Find Your Inner Artist Through Ceramic Painting

Pottery and ceramics date back thousands of years, when man found that wet clay could be formed into a bowl shape.

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When left to dry, or better, placed into a fire, it would harden and hold water. Today, while some pottery is still hand thrown, placed in a kiln to dry and used as mugs, bowls, vases, and the like, ceramics has developed into an art form expressed by everyday people.

The Evolution of Ceramics

Outside of the artists who design and color their own pottery, the hobby of painting ceramic pieces evolved in the 1930s during an otherwise dark period in American history. Kilns, molds, and glazes emerged for use by the at-home hobbyist. Similarly, clay tools and brushes followed. The results stemmed from the desire of everyday people, not necessarily artists, to be able to mold a piece of clay and further create their own design through the colors and glazes affordably offered.

Mold and glaze manufacturers developed a certification program for individuals, mostly store owners and employees, to be able to teach the ceramic arts. The idea boomed for decades with ceramic shops offering molds and/or precast products to private individuals to create and paint. The aspiring artists didn’t need to invest in a kiln as shop owners offered the service of kiln-firing, which in-turn kept customers returning to their stores.

Paint Your Own Pottery

In the mid-80s, the demand started fizzling out, in part because the demand for new molds and different ideas dwindled. But, the concept didn’t take long to re-emerge in the early 90s with the idea that it may be more fun to paint with friends in a group atmosphere than alone at home.

Creative shop owners once again started carrying ceramic supplies with pre-modeled clay designs, paints, glazes, brushes, and tools, but this time with the focus of creating the artistic atmosphere in their shops. Through classes and parties, individuals young and old, could come in, pick their piece and jump right into painting. The all-in-one price was based on the size of the molded art, the paint it would take to cover it, and the equivalent to an equipment-use fee.

Today there are paint-your-own ceramic stores in cities, large and small, throughout the country. Some are independent while others are part of a franchise. With many you can go in and work on your project most anytime during their regular hours, no group needed. Others continue to promote the class and party atmosphere. And, yet some still sell supplies, so you can work at home and return your work ready for the kiln.

If you are looking for a new way to express yourself, or a relaxing hobby to put down the electronic devices and slow down our day, check for a paint-your-own store near you.

Old School Fun at Your Local Block Party

You could meet your neighbors by going door-to-door with casseroles or plates of baked goods,

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but the block party has become a popular way to get to know and socialize with those who live near you in a fun, party atmosphere. While block parties or neighborhood gatherings are held around the world, the idea first took hold in the U.S. during the World War I era. Neighbors in New York met to sing, mingle and honor local boys who were serving overseas. In the 1960s, block parties became more popular as families moved to the suburbs and wanted to connect with their neighbors.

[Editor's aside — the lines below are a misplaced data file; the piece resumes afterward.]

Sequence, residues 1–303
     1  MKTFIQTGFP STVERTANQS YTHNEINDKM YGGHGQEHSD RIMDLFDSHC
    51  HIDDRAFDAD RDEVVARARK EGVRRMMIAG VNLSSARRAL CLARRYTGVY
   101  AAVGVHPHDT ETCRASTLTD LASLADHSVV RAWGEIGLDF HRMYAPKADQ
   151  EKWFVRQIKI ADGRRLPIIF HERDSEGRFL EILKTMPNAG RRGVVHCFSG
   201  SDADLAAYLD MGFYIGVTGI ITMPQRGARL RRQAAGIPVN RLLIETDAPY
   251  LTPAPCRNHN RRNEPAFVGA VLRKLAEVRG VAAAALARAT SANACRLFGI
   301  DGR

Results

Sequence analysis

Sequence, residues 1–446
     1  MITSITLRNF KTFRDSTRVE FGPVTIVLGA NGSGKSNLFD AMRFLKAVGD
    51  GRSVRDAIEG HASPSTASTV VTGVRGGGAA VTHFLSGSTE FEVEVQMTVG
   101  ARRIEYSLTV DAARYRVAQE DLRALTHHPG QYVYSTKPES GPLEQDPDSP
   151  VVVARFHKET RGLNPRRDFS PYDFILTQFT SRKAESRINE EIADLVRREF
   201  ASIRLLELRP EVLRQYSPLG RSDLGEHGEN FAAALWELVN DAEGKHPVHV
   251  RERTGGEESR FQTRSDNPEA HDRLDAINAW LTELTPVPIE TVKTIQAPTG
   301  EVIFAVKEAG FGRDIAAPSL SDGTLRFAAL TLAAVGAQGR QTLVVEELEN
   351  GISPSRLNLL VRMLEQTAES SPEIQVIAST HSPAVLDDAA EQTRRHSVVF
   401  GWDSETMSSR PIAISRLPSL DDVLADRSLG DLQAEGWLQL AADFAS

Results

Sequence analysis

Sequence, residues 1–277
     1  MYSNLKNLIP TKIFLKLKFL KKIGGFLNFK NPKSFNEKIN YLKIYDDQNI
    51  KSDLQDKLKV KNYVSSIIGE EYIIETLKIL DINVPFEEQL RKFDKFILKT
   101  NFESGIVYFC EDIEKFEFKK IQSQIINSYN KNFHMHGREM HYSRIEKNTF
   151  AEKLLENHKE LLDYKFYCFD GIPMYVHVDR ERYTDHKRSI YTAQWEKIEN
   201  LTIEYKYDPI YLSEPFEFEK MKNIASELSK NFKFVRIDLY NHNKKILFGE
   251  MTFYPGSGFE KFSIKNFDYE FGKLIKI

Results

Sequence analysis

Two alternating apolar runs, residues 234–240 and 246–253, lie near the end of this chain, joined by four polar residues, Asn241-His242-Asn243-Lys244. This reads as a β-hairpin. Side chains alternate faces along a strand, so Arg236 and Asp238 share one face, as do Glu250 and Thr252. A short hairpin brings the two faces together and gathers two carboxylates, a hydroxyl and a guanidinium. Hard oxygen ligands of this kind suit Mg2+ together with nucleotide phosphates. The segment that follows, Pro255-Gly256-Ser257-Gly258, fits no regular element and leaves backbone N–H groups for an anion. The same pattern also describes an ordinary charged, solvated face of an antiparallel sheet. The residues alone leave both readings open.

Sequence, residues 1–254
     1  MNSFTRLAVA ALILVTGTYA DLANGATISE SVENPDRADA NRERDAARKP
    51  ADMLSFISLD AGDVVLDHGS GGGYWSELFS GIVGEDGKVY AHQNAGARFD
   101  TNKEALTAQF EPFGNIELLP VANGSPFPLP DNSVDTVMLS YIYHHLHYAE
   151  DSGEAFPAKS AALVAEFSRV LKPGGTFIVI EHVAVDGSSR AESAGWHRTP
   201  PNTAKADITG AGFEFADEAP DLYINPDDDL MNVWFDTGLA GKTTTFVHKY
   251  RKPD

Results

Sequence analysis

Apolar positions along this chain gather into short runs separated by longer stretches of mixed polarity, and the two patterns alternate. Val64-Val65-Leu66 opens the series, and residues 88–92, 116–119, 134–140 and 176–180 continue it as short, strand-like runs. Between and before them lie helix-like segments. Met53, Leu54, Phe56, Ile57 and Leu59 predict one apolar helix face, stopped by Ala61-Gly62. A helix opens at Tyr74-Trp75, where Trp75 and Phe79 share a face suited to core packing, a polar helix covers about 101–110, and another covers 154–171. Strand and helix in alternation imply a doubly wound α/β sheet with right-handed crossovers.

From large urban areas to small rural communities, block parties are a way to form bonds, talk about neighborhood issues in a friendly way and enjoy food and games. Residents can customize the block party to meet their needs and bring people together.

What Do You Do at a Block Party, Anyway?

Many block parties have a theme that dictates the type of food and activities. Sometimes this will be related to a holiday like the Fourth of July, where people gather for a cookout and fireworks, or will revolve around food, like a taco night or ice cream social.

Keeping the kids entertained is an important part of a block party where families live. Running a sprinkler, setting up games like ladder ball or holding a water balloon toss can keep those of all ages interested. Neighbors may also decide to hold a clothing or book swap, where people bring what they no longer need and let others help themselves.

Emphasizing Safety

National Night Out, which encourages neighbors to get together in the evening to increase safety, is another common reason why many areas organize block parties. Started in 1984, NNO has grown to involve more than 38 million people in 16,000 communities who gather on the first Tuesday in August to build relationships and talk about safety in their communities.

For those block parties where neighborhood safety is on the agenda, police officers and firefighters may be invited to attend. These public safety officials can bring equipment and talk to residents about ways to stay safe and work together.

Finding the Right Space

Because every neighborhood is different, the right place for a block party might be one neighbor’s large yard or an area park. In many cities, residents can apply to block off a street or two in order to hold a larger gathering. Any space you choose should have room to set up tables that hold food and games as well as chairs and blankets for hanging out.

Positive Social Outcomes

Social relationships like those formed at block parties can have positive outcomes, like reducing crime (since neighbors are looking out for each other) and improving mental health. Besides being fun, block parties help individuals increase their social capital by encouraging people who live near each other to form stronger bonds.